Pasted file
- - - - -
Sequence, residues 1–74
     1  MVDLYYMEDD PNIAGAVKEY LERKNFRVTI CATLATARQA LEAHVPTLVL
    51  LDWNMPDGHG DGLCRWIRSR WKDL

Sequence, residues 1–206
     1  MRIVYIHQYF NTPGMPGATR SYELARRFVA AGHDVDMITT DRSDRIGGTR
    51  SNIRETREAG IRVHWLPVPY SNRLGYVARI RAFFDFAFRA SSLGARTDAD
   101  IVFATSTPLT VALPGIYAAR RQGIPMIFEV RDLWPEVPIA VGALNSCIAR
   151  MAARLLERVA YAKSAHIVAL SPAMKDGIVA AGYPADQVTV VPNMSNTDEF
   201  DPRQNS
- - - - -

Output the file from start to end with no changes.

Sequence, residues 1–74
     1  MVDLYYMEDD PNIAGAVKEY LERKNFRVTI CATLATARQA LEAHVPTLVL
    51  LDWNMPDGHG DGLCRWIRSR WKDL

Sequence, residues 1–206
     1  MRIVYIHQYF NTPGMPGATR SYELARRFVA AGHDVDMITT DRSDRIGGTR
    51  SNIRETREAG IRVHWLPVPY SNRLGYVARI RAFFDFAFRA SSLGARTDAD
   101  IVFATSTPLT VALPGIYAAR RQGIPMIFEV RDLWPEVPIA VGALNSCIAR
   151  MAARLLERVA YAKSAHIVAL SPAMKDGIVA AGYPADQVTV VPNMSNTDEF
   201  DPRQNS